Krsna caught hold of the churning rod to get His mother's attention, and He held it firmly with both hands, as if applying brakes on a moving bicycle. He was telling his mother: "Stop! I need attention. Feed me now."

Vaisnava commentators have given another reason why Krsna stopped the churning: After fully "churning" the scriptures, one gets Krsna, because He is the conclusion of everything. But Yasoda already had Krsna, so what was the need for her to keep churning?

Yasoda looked at Krsna and waited to see what He would do next. Krsna grabbed her arm with both hands, put one foot on the rim of the yogurt pot, pulled Himself into her lap, and started drinking her milk. Yasoda proudly and pleasurably fed her son.

Krsna also became proud, thinking, "How smart I am. I stopped Mother from her work and claimed My right."

Thinking this, He smiled cheekily. As He drank the milk, a competition between Yasodas milk and Krsna began. Krsna would not become satisfied, and Mother Yasodas milk would not stop flowing because of her intense affection. She kept feeding him for quite some time.

Then something happened to distract Yasodas attention. Some milk she had placed on the nearby stove was boiling over. Yasoda put Krsna down and ran to save the milk. This milk was from the special Padmagandha cows, especially for Krsna.

This transcendental milk was thinking, "Why am I tolerating this heat if Krsna is going to become fully satisfied by drinking mother Yasodas breast milk; it is better for me to commit suicide by jumping into the fire."

Thinking this, the milk boiled over. Mother Yasoda took the milk off the fire, but in the mean time, what happened to Krsna?

Angry Krsna

Little Krsna became angry.

"How dare she put me down while I'm still drinking, just to save a little milk! I'm still hungry."

He who is the purest of pure, untainted by any of the modes of material nature, became angry. His lips swelled and became red as He bit them with His teeth.

"Who does she think she is? I'll show her. She'll be sorry. I'll break something in the house."

He looked around and saw a small stone used for grinding spices. With this stone He hit the churning pot in a strategic spot at the bottom so that there would be no sound to alarm Yasoda. Yogurt was everywhere. Krsna started for another room. As he went out, He walked all over the spilled yogurt chub, chub, chub but quietly, so that His mother would not hear Him. In the form of Vamanadeva, Krsna had covered the whole universe with just three of His steps, and now He was walking through the yogurt. Krsna did not think, "Perhaps I should go around the yogurt." He just walked through it, leaving pretty footprints showing exactly where He has going.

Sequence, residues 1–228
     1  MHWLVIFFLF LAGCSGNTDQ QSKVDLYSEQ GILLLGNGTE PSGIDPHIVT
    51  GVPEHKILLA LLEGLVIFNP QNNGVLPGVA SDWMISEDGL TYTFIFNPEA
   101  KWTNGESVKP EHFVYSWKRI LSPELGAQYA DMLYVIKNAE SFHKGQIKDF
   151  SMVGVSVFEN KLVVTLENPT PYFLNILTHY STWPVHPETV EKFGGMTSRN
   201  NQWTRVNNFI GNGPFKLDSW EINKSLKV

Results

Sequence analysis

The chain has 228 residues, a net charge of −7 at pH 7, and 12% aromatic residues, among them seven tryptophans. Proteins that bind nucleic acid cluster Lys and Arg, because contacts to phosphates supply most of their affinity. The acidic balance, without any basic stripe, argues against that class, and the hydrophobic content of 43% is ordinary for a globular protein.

Krsna went to another room and turned over a wooden grinding mortar. He climbed on it and then took a pot of butter from the rafters. He fed the butter to monkeys who appeared there. The monkeys ate with great pleasure.

After rescuing the milk from the stove, Yasoda returned and saw the broken pot. If Krsna had stayed there, then she might have thought that the pot had broken accidentally, but because Krsna was not there, she knew He was guilty and had run away to hide.

Yasoda was not angry about the broken pot.

She smiled and thought, "How clever my Krsna is! He broke this pot in such a way that I didn't hear a sound."

But she decided that she had to punish Him to teach Him a lesson. So she followed His footprints. Hiding behind a wall, she looked around a corner at Him.

Krsna Fears His Mother

Krsna was looking all around, expecting to get caught at any minute. His eyes were fearful. He knew that Yasoda would come after Him to punish Him. She approached very slowly from behind, sneaking up on Him. But Krsna saw her coming. Seeing the look on her face and the stick in her hand, He quickly got down from the grinding mortar and fled.

He thought, "If I'm quick, she won't catch me, and I'll be spared a beating."

Yasoda didn't let Him run away. She was determined to catch Him. She chased Him with the stick in her hand.

Sukadeva Gosvami says, "Even yogis whose minds have become purified by austerities cannot catch Krsna through meditation, but on this day mother Yasoda was running after that same Krsna with a stick in her hand."

At first Krsna ran from room to room. Then He left the house and ran into the streets of Gokula.

Mother Yasoda thought, "Today He is not going to get away from me. Where can He go? I'll catch Him."

She followed Him everywhere. All the Vrajavasis (local residents) looked in amazement at the scene.

"What has happened today? Normally there is so much affection between Krsna and Yasoda."

Yasoda was not used to running and became covered with perspiration. Finally, she caught Krsna by His right hand. With His left hand He wiped tears from His eyes.